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Sage interview for star tirbune in MN
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Sage Francis
Self Fighteous

Joined: 30 Jun 2002
Posts: 21790
Sage interview for star tirbune in MN  Reply with quote  

1. First off, why email interviews only?

"The less talking I have to do, the better. I detest phones. I do not usually enjoy verbal conversation."

2. I'd want to do a feature on you regardless of the name of your
tour, but "Fuck Clear Channel" certainly is an attention-grabber.
How has Clear Channel affected you personally to the point of naming it

""It is time to reject fast food culture. Fast food music. Fast food marketing. Fast food artists. Quality and integrity has been phased out of art in the interest of giant companies. I am here to raise awareness about that. Most people don't realize how any of this works and this tour has sparked a good discussion about it. Artists in my position should be doing things to improve conditions of the music industry, but most just see dollar signs. It'll be their end. I can continue playing independent shows for the rest of my life and live VERY well off of long as I spread the word."

3. Here in Minneapolis, the corporations (also including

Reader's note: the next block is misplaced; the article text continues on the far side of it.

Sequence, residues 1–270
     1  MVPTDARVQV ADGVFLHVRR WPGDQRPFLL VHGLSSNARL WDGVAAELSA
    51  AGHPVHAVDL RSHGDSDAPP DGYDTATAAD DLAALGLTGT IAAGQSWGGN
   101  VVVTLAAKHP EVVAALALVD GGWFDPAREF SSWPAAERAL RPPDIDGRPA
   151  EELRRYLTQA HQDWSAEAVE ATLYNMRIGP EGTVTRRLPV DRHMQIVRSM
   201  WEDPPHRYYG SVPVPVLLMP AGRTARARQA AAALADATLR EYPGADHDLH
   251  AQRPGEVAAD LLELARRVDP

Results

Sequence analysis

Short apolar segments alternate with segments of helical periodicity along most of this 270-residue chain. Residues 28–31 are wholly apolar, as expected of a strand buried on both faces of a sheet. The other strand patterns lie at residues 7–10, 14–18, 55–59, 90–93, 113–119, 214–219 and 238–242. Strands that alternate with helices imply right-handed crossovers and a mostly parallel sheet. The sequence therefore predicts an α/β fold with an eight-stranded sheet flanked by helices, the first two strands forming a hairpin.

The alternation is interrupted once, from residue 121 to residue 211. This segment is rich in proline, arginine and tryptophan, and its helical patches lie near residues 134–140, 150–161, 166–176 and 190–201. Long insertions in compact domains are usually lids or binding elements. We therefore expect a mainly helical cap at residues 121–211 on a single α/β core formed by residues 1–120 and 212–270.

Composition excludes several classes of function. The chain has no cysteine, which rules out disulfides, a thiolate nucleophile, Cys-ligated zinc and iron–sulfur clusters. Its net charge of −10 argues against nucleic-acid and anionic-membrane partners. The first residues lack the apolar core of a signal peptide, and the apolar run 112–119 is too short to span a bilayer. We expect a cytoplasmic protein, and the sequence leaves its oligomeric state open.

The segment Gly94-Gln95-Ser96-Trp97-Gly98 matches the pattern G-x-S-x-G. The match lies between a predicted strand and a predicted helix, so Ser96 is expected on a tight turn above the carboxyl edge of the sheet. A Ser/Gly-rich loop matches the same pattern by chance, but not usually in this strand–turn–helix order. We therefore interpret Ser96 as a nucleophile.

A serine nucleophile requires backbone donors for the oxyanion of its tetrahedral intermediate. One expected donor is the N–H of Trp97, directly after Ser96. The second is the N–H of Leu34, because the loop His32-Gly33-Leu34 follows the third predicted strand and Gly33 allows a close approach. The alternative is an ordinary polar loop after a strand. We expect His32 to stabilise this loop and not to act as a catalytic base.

ABC/Disney) have just destroyed radio. Atmosphere didn't make it to local
commercial FM radio till Slug was on "Lovelines" (syndicated) last month.
and most people have basically given up caring. Any suggestions on what can
they do to change things?

"Support independently run venues, independently run radio stations, independently run labels. As cliche as it is to say this, support your local scene. Resist homogenization by major corporations infiltrating your area. Clear Channel and companies like it BANK off of making everyone community they infiltrate just as predictable as the rest. There is an incredible amount of subversion going on. It's not easy to effectively make people aware of what they have SAY over. We should be eating better food, we should be getting better information from our news sources. We have to do research sometimes. That's too much work for some people, thanks to the apathy that TV tends to mainline into our hearts."

4. Do you believe indie hip-hop artists like yourself would be
bigger or more influential were it not for the corporations like CC?